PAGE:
New Lanark parking charge

A parking charge is being introduced at New Lanark’s top car park to support the visitor attraction.

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The car park charge will help safeguard the future of the restored 18th century mill village.

The World Heritage Site is introducing the fee to help safeguard the village’s future. Visitors to the main car park will pay £3 for a day-long stay while annual permits will be available for £40.

Coming into force towards the end of this month, the new parking arrangements will be managed by an outside company using automatic number plate recognition.

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New Lanark Trust, the charity which runs the historic site, has written to supporters informing them of the change and inviting their feedback. Signs will go up when the charge is introduced.

New Lanark and Owen's house are now fully open for business once again.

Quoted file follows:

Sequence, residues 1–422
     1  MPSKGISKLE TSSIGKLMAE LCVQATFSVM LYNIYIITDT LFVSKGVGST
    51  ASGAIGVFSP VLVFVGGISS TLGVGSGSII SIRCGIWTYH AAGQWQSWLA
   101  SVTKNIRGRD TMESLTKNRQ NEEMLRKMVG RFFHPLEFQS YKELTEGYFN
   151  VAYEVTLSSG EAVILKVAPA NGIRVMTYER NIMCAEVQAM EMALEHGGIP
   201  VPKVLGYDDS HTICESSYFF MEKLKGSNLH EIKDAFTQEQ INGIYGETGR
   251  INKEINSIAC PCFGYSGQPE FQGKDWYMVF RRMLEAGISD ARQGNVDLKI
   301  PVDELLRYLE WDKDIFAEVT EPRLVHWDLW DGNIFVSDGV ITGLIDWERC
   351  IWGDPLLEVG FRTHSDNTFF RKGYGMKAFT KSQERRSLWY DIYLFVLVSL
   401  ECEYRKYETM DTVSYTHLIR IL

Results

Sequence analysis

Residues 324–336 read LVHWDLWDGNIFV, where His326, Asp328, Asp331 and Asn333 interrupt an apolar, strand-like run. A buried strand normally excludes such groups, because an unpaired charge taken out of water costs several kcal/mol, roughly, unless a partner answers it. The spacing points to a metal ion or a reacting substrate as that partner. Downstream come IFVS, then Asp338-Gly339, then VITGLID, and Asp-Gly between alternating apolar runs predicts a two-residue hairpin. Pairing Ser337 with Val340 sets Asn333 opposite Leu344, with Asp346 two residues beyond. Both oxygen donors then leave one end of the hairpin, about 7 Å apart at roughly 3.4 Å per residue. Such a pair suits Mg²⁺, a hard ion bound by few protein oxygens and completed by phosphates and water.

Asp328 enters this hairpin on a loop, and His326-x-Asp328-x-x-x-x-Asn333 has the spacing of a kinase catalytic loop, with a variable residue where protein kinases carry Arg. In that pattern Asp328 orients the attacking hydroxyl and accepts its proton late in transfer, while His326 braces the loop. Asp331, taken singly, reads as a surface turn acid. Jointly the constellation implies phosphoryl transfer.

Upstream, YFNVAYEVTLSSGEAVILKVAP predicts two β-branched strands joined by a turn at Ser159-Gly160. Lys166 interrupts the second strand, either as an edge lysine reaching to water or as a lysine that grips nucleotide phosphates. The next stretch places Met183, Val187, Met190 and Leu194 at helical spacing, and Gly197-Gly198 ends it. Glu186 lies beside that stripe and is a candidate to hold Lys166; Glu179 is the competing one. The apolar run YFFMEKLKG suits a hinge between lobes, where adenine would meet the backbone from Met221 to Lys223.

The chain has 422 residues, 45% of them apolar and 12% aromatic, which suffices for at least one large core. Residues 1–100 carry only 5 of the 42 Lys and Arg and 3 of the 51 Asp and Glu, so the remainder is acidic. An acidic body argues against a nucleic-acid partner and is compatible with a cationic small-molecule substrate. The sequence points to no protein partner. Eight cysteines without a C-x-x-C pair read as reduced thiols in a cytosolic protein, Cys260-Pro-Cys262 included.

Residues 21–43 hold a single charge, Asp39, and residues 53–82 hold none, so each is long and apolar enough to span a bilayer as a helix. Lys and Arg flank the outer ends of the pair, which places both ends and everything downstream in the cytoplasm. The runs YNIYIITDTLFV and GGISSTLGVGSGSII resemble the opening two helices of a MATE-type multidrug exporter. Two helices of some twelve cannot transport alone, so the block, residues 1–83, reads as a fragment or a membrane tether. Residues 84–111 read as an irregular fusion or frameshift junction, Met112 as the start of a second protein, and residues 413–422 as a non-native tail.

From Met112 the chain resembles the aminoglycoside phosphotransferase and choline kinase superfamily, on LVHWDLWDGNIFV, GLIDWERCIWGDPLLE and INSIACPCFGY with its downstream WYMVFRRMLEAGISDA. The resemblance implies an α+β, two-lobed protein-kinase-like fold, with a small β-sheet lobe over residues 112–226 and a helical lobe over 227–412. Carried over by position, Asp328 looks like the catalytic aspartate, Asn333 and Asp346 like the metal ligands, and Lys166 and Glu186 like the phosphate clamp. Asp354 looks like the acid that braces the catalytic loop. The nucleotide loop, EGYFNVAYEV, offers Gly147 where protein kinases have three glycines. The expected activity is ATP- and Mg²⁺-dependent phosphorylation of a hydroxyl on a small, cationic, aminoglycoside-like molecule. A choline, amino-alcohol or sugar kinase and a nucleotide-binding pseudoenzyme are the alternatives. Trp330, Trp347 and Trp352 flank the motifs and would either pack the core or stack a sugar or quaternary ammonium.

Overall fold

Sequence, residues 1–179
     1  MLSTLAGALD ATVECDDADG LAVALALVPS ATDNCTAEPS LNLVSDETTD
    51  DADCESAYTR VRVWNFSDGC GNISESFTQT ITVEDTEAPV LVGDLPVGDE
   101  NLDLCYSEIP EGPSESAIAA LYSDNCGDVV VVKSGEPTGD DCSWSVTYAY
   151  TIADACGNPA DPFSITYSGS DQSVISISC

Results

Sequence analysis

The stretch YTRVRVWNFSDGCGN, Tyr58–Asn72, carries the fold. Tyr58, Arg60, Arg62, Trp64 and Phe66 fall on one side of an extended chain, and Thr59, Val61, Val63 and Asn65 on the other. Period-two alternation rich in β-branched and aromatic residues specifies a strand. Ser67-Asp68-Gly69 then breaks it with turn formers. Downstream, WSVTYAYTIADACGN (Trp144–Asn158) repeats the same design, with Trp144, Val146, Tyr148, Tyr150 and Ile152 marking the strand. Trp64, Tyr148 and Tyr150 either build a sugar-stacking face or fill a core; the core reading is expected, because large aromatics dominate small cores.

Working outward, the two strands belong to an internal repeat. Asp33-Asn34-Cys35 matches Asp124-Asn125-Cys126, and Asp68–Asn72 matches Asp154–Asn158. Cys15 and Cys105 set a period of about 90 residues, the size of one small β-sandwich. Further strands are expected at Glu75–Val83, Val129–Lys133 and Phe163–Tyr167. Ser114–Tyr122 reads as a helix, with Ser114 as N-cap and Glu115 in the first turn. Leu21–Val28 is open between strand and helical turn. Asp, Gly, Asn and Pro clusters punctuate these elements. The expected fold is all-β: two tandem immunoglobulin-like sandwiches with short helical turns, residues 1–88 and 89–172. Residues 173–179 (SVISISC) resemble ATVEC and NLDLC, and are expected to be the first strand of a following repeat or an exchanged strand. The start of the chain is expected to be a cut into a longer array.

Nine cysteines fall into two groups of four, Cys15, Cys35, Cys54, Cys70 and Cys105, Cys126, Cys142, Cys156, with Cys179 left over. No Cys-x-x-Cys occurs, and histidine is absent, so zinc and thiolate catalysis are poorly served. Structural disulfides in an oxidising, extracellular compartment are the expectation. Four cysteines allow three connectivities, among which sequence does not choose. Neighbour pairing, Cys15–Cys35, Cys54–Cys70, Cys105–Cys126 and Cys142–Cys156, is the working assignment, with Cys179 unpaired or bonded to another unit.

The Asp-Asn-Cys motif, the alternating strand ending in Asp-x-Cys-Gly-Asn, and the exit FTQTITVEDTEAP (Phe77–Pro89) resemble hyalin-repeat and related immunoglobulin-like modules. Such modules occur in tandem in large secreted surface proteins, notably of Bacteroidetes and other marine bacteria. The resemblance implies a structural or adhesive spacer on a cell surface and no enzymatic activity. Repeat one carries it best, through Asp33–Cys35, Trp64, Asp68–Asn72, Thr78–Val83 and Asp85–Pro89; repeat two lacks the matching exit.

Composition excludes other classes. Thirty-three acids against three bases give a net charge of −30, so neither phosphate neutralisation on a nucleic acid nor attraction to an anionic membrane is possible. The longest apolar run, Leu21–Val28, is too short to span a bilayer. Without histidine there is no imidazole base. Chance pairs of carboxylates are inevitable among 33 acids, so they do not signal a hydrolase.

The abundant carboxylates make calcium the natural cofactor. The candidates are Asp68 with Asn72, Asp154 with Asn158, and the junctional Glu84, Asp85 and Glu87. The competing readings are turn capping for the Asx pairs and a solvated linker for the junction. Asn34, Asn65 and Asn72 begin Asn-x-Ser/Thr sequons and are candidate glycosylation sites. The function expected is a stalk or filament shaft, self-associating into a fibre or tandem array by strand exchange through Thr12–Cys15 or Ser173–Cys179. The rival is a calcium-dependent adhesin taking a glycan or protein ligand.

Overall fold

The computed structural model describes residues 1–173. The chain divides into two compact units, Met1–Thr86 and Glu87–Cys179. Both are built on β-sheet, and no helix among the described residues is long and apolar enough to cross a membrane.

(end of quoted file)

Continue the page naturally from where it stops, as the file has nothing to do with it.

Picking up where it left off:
Iain MacKenzie, trust chief executive, said: “Introducing the parking charge is necessary to help safeguard the future of the site. The money raised will help fund ongoing maintenance and also give us the means to continue to develop our reputation as a world-renowned tourist attraction.

“New Lanark attracts more than 300,000 visitors a year and that footfall benefits the local and wider economies. We have to take this measure in order to allow us to take the site forward.”

The parking charges will not affect residents, guests at the New Lanark Hotel or users of the gym.

New Lanark has also now returned to business as usual, following the pandemic, including Robert Owen’s house, the former residence of the philanthropist and social pioneer.

Owen lived in the mill manager’s house with his wife, Caroline, and their family when he took over the reins in 1800. The house contains his original desk, book collection and portrait.

Andy Cuthbertson, heritage and engagement manager, said: “We’re fully open for the first time in two years and looking forward to an exciting summer as we get back to normal.

“Visiting Robert’s Owen’s House is a way of seeing how the other half lived. It’s still relatively modest for wealthy people of the day but you get a sense of the huge differences between people. You can also visit millworkers' houses from the 1820s and 1930s.”

The New Lanark Experience is open Friday to Monday from 11am to 4pm, last entry 3.30pm. For more, visit